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A few days back Jeff Kropp asked about something I find puzzling, so I
thought I'd dig the letter up again and repond to what I could.
> 'dave' has also explained how growth rate is determined by a ratio
> of a plants respiration and photosynthesis. So... what I observe when
> watching my pH swings is simply my plants respiration and not necessarily a
> particular amount of photosynthesis resulting in growth.
I think Jeff might be confusing respiration and photosynthesis. What we
see when the pH swings is mostly from photosynthesis. CO2 decreases and
pH increases while the lights are on because the plants are consuming
CO2. CO2 increases and pH increases while the lights are off mostly
because we are adding CO2 and the plants aren't using it. Respiration by
the fish, snails, plants and microbes contributes to the CO2 supply as
Plants respire for the same reason we do - they combine oxygen from the
air with carbohydrates to get energy, and use the energy to grow and carry
on all those wonderful things we call life. Plant growth is the product
of *both* respiration and photosynthesis.
> Is observed respiration pertinent to knowing how well my tank is
> doing? (In my tank I notice a lot of respiration with very slow growth,
> pH6.75 to 7.25 dKH 5.)
> What sort of deficiency or inhibitor might retard growth and still
> permit a lot of respiration?
The only thing that's really pertinent to how well your tank is doing is
whether of not your plants are healthy and attractive. Technical details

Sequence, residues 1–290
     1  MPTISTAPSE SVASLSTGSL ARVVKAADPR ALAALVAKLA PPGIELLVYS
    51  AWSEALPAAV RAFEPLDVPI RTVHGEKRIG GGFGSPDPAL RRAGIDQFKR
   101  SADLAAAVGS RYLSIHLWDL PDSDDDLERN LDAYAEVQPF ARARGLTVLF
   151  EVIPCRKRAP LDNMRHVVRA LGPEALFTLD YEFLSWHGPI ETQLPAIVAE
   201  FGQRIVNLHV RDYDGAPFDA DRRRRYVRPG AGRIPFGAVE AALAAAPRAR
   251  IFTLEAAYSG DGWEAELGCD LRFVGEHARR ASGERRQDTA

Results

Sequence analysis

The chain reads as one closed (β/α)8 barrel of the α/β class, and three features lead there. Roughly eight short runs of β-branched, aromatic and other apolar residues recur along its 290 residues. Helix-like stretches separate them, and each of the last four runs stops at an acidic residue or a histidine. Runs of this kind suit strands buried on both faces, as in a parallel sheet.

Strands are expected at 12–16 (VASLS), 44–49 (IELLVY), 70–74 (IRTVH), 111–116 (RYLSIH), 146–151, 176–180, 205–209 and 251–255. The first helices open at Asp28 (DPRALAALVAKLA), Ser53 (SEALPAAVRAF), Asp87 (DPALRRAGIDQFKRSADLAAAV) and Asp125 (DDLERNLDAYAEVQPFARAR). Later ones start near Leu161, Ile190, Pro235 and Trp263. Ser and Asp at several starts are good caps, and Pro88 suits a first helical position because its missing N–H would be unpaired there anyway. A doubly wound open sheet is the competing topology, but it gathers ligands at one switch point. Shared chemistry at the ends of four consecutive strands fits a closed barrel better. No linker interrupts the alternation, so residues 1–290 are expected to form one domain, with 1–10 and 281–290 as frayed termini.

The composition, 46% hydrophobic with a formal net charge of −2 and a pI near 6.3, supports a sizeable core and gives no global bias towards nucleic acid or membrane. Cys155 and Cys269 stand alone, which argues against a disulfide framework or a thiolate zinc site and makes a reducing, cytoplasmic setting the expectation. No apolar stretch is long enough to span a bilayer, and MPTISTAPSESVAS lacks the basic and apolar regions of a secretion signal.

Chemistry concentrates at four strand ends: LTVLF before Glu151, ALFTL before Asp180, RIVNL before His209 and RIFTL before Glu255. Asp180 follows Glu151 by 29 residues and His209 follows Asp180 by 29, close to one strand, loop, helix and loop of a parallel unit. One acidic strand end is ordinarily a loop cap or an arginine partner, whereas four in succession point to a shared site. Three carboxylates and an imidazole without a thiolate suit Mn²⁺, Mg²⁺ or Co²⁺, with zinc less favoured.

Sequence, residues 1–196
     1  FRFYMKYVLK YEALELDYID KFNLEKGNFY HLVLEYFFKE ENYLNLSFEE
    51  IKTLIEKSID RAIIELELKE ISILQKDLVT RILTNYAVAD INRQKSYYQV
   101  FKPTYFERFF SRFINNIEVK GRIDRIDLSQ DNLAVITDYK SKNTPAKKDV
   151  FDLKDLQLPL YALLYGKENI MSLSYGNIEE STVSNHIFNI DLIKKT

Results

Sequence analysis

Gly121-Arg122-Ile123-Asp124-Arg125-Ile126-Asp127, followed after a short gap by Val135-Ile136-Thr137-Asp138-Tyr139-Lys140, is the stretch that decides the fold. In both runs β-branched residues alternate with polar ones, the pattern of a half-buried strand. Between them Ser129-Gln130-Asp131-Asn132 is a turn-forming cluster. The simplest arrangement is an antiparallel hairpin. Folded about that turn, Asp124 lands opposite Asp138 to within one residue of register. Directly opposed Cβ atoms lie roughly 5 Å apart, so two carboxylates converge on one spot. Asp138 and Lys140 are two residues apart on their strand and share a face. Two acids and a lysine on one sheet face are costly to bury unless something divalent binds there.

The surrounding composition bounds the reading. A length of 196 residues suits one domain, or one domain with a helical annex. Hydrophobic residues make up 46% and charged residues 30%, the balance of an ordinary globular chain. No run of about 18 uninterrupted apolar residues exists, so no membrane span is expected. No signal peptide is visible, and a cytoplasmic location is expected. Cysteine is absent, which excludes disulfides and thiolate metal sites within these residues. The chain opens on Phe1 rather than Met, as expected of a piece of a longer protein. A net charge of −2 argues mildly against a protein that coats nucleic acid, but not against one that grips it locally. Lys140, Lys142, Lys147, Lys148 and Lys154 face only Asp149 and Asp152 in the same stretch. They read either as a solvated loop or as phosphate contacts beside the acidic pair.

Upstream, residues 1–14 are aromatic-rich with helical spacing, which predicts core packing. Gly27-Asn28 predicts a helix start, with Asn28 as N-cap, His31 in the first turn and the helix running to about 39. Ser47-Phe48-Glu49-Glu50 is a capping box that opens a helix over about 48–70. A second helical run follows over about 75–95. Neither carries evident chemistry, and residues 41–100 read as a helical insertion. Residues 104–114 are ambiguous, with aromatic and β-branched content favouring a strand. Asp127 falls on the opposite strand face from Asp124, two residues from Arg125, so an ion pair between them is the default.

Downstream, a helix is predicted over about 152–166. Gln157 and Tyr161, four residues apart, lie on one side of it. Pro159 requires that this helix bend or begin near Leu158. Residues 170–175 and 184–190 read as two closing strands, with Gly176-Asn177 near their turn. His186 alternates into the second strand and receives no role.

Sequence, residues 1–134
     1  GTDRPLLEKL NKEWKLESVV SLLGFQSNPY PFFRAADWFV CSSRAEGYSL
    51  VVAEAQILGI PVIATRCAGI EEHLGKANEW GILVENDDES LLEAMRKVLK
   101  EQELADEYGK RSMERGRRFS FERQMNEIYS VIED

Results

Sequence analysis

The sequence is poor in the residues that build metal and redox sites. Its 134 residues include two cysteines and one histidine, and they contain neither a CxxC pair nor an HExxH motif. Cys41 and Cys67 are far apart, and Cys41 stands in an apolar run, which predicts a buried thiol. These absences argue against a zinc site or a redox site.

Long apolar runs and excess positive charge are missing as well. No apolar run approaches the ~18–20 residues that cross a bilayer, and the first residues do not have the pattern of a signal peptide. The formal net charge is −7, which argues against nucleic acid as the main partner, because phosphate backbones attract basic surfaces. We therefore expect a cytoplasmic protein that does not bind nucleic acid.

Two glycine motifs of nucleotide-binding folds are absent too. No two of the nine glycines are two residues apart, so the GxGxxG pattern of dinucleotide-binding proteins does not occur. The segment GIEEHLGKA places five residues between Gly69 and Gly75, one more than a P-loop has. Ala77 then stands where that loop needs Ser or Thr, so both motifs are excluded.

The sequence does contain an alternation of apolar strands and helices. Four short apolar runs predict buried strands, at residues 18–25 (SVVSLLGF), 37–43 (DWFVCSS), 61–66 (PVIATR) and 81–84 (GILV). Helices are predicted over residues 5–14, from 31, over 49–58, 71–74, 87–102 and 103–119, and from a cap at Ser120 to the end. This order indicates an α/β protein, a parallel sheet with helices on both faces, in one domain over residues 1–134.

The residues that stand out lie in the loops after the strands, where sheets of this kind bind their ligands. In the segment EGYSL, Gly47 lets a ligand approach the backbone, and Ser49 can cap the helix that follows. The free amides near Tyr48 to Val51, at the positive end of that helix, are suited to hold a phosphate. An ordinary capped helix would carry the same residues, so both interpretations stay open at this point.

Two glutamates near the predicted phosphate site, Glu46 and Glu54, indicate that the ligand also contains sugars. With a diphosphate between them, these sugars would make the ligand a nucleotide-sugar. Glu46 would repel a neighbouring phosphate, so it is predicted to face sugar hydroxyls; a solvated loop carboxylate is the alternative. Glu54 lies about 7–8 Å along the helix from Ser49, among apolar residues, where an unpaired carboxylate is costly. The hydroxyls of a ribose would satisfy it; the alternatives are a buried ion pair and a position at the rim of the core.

are really only useful if things aren't going well and you're trying to
solve a problem, or if you (like me) just have some bizzare interest in
the technical stuff.
What I've seen before and what I think Jeff is talking about here is that
you can sometimes see evidence for a lot of photosynthesis (pH swing,
hoards of oxygen bubbles), but little corresponding growth.
I'd really like to know what causes that. I've seen it mostly under
bright light in tanks without iron or trace element supplements, but also
under flourescent lights in a tank fertilized with potassium and chelated
One possibility is that the plants aren't getting enough time with the
lights out. Aside from that, I can speculate about a few possibilities:
A -- The plants are missing something (K?) they need to get the
carbohydrates from the cells where they're made to the cells where they
need to be for new growth to occur.
B -- The plants are missing some key nutrient (N?, P?, trace metal?) they
need to turn simple carbohydrates into new tissue, so their carbohydrates
either build up or escape back into the water (that might promote algae
growth; there's evidence that algae can "feed" on carbohydrates in the
water as well as on the carbohydrates they make with photosynthesis).
C -- Something is damaging the plants in some inobvious fashion and
the plants are using all of the carbohydrates they can make just to stay
ahead of the damage, so there's very little new growth.
D -- The plants are growing, but the growth is in their roots where you
can't see it, not in their leaves and stems.
E -- (getting real tenuous here) At least some plants use changes in
the quality of light to tell them when to change from daytime to nightime
"behavior". Without that specific stimulus, maybe their respiration could
remain suppressed at night, so that growth might be very limited.
Any other ideas?